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How do You Know When it’s Time to Scale?

4041642787_34179c96f6_bEditor’s Note: This post is part of the comprehensive, free white paper, “How do You Know when it’s Time to Scale? Understanding and Predicting Server Resource Consumption.”

You’ve invested in a scalable hosting solution, be it a VPS or cloud. Whether you’ve got a team of developers coding for automated horizontal and vertical server scaling or you’re making your scaling choices manually, how do you know when it’s time to scale up to the next server tier?

Deciding when to scale is one of the hardest hosting decisions to make. Every situation is unique.

The only criterion that matters when gauging how well your server is performing is how fast your sites’ pages load and applications execute. There is no standard for this. Site visitors to a forum with millions of threads and very important content will probably put up with slightly longer load times than someone visiting a landing page for a site they’ve never seen before. Only you can determine how fast is fast enough.

But remember, we’re not talking about simply running a program on your server and waiting until it finishes. We’re talking about things like the number of MySQL queries per second your server can handle, or the number of Apache web processes. And the hard part is, there’s no way to give a standard number that every server should be able to handle. Queries are not all equal. The number of queries a given server will be able to execute has to do with the complexity of the queries. Predicting server scaling needs is about watching trends and determining when your applications are not performing as well as you’d like.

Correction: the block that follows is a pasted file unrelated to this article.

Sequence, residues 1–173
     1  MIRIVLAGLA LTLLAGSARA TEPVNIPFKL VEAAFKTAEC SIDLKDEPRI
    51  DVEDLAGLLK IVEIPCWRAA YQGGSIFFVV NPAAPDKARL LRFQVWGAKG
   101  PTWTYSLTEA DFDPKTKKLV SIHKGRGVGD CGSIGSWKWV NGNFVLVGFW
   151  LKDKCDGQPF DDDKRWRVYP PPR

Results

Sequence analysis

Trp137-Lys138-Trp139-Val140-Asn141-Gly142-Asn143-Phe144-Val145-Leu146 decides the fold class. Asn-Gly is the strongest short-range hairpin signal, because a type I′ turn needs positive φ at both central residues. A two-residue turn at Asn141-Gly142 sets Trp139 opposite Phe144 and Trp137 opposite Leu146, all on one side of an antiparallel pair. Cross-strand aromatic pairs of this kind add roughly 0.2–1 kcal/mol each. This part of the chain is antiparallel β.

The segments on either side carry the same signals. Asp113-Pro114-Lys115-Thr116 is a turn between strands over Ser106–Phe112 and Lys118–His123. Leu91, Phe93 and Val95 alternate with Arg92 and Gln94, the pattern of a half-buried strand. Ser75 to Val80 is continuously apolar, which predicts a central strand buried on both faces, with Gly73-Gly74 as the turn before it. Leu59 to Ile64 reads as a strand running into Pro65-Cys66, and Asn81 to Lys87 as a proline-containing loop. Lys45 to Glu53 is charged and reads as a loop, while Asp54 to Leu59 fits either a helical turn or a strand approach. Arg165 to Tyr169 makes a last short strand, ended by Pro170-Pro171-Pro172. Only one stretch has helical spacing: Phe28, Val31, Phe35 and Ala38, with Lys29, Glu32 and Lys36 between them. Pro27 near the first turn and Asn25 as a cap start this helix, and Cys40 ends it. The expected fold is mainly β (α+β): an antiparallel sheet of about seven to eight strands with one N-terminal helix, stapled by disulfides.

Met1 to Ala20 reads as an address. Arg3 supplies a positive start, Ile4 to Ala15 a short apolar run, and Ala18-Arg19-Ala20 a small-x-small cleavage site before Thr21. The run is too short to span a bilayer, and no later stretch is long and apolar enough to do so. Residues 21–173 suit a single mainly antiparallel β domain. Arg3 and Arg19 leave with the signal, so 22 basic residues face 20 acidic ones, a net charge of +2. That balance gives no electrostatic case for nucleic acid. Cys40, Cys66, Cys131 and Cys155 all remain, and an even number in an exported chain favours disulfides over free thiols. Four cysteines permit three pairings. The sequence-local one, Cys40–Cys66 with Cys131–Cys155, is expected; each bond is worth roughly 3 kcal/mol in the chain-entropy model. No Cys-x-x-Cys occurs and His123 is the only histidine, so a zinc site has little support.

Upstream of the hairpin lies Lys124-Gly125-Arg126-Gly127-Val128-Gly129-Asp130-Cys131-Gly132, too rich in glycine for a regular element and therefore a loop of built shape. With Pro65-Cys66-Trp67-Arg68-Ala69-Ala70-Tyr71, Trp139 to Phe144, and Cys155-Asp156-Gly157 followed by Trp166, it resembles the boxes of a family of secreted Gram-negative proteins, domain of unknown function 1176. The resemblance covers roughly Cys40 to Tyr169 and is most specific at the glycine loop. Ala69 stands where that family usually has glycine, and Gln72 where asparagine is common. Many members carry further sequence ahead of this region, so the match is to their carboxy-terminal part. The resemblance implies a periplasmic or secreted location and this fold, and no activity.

Let’s say you decide your site or application is doing well – pages load pretty quickly and your visitors aren’t complaining. Now you need to monitor the resource usage on your server to get a sense of how much it takes for the performance you have and see trends as they develop. The main resource factors to consider are traffic, disk storage and I/O, CPU, and memory. All of these contribute to the speed your queries are being served up to a given user.


Traffic – or bandwidth – is simply a measure of the data moving in and out of your server and over the network for a given time. Traffic is measured in bits per second. It’s simply how many ones and zeros you’re pushing out the door and letting back in.

In most scenarios, if you’re serving up web pages you’ll have much more outbound traffic as your site visitors simply send requests to see information in the form of pages that your server sends over the network.

Few providers give customers unlimited bandwidth, but – assuming your server can handle the traffic and your provider’s network has enough connectivity – there is no functional limit to the amount of bandwidth a particular server package can consume. Since bandwidth costs money, providers charge customers who go over predetermined limits. The good news is that with simple prepayment or negotiating you can often avoid excessive overage charges for bandwidth. The key – once again – is to monitor your service and figure out what you will need ahead of time.